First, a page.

Aarushi Singh, 24, died on Thursday when she was taking a basic scuba diving lesson off the fishing harbour in Jumeirah. Image Credit: Supplied

Dubai: The parents of an Indian woman who died during a scuba diving lesson in Dubai while on holiday here are devastated by the loss of their only child, a family member told Gulf News.

Aarushi Singh, 24, died on Thursday after she was pulled from a depth of three to four metres off the fishing harbour in Jumeirah where she was taking a basic scuba diving lesson with an instructor, according to Prateek Singh, the woman’s uncle.

On Monday, Singh told Gulf News: “My sister and brother-in-law want to take Aarushi back home and that is the only thing we are all working towards right now.”

Aarushi, who, according to her family, was a “bubbly, enthusiastic and affectionate” young woman, was the only child of Paresh and Neeta Singh.

She was working towards a degree in chartered accountancy in Mumbai, India, and came to Dubai on August 15 on a holiday to spend time with her uncle, aunt and cousin.

Her father, who joined her in Dubai on August 18, did not mind when Aarushi expressed her desire to try scuba diving for the first time.

Singh said: “When my brother-in-law had come a few years ago we had spent a beautiful day scuba diving in Fujairah which has clear waters. No one had the time to drive to Fujairah so we decided to do the sport here.”

On Thursday morning, Aarushi accompanied her father and cousin.

Singh recounted: “There were three others in the group. Aarushi asked her father to get drinking water from Sunset Mall as she said she would need water as soon as she came out.”

However, things “happened so quickly that by the time her father returned he saw an ambulance on the beach and his daughter being resuscitated on the spot. She never regained consciousness. A doctor who accompanied the ambulance certified her dead on the spot”.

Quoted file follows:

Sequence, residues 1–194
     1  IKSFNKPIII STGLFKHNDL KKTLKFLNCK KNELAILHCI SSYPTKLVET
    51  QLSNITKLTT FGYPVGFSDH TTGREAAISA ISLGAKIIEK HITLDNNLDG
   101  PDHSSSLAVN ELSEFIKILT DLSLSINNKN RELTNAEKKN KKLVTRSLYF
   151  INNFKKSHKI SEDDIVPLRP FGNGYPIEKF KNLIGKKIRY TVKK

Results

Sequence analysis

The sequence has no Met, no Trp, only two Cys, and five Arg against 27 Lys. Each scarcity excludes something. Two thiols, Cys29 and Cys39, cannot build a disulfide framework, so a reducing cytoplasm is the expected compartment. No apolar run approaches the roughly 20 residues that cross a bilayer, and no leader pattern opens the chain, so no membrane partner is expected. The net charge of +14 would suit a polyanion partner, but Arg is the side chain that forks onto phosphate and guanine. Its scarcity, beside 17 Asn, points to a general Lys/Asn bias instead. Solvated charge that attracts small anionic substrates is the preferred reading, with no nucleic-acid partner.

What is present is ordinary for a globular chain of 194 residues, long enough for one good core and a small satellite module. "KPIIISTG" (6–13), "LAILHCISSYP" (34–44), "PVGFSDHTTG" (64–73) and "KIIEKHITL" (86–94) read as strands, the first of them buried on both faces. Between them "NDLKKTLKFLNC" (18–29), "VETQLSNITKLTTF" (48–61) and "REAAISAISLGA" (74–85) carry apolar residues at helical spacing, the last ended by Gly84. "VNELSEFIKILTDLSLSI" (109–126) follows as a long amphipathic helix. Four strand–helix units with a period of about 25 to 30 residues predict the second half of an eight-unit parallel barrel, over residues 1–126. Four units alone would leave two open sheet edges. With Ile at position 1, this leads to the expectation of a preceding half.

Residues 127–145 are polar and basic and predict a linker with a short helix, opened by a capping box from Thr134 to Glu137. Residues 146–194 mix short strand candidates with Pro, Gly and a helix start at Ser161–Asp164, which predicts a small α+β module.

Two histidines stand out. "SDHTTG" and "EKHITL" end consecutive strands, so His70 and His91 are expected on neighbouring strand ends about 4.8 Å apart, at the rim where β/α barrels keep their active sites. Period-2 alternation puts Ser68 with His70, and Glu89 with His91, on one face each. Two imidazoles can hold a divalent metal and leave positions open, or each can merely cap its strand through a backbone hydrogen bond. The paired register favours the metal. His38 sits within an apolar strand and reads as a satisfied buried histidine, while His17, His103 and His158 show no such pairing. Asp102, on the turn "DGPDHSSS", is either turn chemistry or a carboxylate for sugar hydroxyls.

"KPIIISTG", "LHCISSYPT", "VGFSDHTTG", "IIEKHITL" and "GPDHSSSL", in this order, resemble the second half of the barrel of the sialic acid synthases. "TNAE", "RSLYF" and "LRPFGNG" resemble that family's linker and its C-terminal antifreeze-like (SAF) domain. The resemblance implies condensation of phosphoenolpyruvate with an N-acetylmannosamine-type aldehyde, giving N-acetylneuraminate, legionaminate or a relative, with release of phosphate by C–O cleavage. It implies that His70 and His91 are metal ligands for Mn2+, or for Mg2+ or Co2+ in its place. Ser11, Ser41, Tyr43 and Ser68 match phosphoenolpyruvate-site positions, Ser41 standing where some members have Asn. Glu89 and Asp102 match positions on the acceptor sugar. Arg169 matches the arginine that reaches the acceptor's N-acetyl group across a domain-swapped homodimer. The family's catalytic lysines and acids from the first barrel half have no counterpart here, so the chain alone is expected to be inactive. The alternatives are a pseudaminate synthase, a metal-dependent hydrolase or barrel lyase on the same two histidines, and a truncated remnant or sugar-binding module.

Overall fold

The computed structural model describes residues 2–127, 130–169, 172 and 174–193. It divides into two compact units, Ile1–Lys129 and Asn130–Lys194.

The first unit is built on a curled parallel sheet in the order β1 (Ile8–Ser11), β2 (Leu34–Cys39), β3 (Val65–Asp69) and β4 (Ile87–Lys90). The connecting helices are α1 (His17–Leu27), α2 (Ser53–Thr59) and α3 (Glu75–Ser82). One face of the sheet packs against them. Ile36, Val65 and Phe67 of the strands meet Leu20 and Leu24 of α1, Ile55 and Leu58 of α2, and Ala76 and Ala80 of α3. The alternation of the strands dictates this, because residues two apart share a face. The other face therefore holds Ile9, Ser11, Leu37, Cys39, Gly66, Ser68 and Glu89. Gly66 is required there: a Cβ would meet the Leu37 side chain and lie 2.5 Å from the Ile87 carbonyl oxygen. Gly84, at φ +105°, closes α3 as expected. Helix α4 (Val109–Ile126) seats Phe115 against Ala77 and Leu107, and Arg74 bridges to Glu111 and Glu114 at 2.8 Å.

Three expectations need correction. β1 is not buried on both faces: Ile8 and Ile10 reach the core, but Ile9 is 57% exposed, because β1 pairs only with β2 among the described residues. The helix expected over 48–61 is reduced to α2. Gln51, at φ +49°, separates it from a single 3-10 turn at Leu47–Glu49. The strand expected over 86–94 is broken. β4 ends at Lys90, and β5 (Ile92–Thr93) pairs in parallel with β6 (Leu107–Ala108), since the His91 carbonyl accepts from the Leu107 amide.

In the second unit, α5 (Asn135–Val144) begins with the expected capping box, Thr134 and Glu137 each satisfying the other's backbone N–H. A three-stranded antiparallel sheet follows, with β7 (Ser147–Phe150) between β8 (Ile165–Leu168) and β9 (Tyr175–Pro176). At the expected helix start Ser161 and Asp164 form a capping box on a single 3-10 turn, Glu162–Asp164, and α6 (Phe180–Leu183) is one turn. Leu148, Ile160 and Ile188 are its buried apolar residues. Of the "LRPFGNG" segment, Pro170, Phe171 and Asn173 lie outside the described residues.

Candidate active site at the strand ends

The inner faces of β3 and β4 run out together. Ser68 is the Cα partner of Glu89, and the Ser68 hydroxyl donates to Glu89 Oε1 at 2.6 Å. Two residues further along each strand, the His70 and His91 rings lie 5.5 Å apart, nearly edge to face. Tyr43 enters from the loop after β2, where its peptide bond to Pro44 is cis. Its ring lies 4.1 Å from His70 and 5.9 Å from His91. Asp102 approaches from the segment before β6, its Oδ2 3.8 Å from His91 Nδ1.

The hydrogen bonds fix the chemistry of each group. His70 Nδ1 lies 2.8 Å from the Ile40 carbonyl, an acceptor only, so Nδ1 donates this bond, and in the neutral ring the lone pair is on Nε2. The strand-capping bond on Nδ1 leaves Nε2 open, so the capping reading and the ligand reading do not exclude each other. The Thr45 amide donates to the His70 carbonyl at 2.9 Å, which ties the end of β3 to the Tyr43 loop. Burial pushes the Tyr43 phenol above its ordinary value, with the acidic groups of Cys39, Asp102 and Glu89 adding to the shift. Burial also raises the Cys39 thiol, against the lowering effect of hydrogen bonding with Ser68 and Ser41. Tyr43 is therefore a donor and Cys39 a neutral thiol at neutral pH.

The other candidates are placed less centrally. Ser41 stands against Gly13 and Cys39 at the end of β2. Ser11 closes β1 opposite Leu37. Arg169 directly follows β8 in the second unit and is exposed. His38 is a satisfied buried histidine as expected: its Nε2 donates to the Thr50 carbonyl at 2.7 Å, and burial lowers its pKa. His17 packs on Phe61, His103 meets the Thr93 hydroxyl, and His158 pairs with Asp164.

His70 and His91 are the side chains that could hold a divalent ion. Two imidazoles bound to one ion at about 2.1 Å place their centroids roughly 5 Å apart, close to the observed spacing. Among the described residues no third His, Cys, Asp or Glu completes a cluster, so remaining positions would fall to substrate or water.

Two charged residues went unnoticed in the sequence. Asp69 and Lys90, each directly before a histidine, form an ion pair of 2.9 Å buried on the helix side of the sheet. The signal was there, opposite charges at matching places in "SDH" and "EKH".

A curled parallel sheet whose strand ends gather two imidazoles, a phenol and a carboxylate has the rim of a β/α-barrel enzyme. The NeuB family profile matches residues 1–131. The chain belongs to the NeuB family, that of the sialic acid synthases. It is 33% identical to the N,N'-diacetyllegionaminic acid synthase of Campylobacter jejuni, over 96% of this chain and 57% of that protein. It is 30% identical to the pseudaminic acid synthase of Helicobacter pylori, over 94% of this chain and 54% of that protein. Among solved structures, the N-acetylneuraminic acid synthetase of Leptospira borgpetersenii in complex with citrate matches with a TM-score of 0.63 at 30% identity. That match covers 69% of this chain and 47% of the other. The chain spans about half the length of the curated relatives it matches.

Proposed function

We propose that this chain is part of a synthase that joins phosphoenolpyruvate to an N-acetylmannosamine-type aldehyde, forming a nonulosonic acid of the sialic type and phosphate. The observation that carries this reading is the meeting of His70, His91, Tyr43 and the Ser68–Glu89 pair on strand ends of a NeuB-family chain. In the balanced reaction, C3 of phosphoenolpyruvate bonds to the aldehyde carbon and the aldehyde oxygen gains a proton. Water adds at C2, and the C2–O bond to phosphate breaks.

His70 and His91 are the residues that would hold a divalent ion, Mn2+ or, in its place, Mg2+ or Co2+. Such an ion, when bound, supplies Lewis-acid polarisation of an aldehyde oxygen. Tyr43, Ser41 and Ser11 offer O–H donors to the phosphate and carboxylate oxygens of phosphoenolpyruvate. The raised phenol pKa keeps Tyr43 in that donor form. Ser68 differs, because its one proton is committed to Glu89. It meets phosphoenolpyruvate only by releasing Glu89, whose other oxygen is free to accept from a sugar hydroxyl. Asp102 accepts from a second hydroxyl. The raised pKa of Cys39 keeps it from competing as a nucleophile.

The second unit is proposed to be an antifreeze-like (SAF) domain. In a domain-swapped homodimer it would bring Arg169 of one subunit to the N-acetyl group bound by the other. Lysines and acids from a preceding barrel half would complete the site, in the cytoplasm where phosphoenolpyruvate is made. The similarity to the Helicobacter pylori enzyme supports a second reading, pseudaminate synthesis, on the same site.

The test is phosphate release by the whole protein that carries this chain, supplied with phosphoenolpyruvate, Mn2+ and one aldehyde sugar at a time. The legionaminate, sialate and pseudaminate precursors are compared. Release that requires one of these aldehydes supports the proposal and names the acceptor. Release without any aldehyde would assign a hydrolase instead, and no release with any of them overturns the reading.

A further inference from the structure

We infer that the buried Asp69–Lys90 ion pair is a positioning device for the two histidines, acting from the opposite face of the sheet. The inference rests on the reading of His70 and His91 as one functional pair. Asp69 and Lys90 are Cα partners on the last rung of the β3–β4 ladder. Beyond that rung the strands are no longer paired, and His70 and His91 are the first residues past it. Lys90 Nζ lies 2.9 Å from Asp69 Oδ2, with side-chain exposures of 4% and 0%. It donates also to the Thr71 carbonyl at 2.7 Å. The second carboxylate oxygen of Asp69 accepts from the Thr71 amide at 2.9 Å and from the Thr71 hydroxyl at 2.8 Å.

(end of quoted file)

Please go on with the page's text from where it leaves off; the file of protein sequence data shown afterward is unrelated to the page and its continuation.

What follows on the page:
The family is devastated by the incident and in no condition to make any kind of statement, the uncle said.

Aarushi’s mother flew from Mumbai on a 96-hour visa and is inconsolable, Singh said.

“We are desperate to get back her body so that my sister and her husband can take her home. That is all we ask for,” said Singh.

Another family member who was at the spot questioned how scuba diving was allowed at a spot where the water was so “murky and the visibility so poor”.

“How can an institute send one instructor with four amateurs? Despite the water being just three to four metres deep, this incident happened because it might have taken a while to locate a drowning person with such poor visibility,” he said.

A longtime dive instructor in Dubai told Gulf News the loss of life was tragic and warned prospective dive students that they must do full background checks on diving companies.

“You need to look for a trustworthy diving centre with a good safety record,” he said. “It’s about safety, it’s about the quality of training.”

The instructor said that those taking basic diving courses should be given a proper guide booklet that covers the basic safety elements of diving long before they ever hit the water.

He said proper diving instructors never take beginners directly into the water without solid safety background preparation study and classes.